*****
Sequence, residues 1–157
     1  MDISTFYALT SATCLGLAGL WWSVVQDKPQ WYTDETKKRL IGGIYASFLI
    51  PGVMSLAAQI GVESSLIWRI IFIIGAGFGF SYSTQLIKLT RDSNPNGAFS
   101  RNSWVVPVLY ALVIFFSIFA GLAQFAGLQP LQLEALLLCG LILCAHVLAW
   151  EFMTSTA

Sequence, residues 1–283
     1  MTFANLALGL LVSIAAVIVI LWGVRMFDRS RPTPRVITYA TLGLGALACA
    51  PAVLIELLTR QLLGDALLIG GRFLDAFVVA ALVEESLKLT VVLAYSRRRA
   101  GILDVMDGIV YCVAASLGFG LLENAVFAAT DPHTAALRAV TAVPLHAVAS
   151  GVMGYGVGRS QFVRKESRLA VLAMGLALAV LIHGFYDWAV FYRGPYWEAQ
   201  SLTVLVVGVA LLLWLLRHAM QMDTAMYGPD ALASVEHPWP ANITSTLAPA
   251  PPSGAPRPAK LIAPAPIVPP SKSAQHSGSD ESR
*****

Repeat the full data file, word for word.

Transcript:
Sequence, residues 1–157
     1  MDISTFYALT SATCLGLAGL WWSVVQDKPQ WYTDETKKRL IGGIYASFLI
    51  PGVMSLAAQI GVESSLIWRI IFIIGAGFGF SYSTQLIKLT RDSNPNGAFS
   101  RNSWVVPVLY ALVIFFSIFA GLAQFAGLQP LQLEALLLCG LILCAHVLAW
   151  EFMTSTA

Sequence, residues 1–283
     1  MTFANLALGL LVSIAAVIVI LWGVRMFDRS RPTPRVITYA TLGLGALACA
    51  PAVLIELLTR QLLGDALLIG GRFLDAFVVA ALVEESLKLT VVLAYSRRRA
   101  GILDVMDGIV YCVAASLGFG LLENAVFAAT DPHTAALRAV TAVPLHAVAS
   151  GVMGYGVGRS QFVRKESRLA VLAMGLALAV LIHGFYDWAV FYRGPYWEAQ
   201  SLTVLVVGVA LLLWLLRHAM QMDTAMYGPD ALASVEHPWP ANITSTLAPA
   251  PPSGAPRPAK LIAPAPIVPP SKSAQHSGSD ESR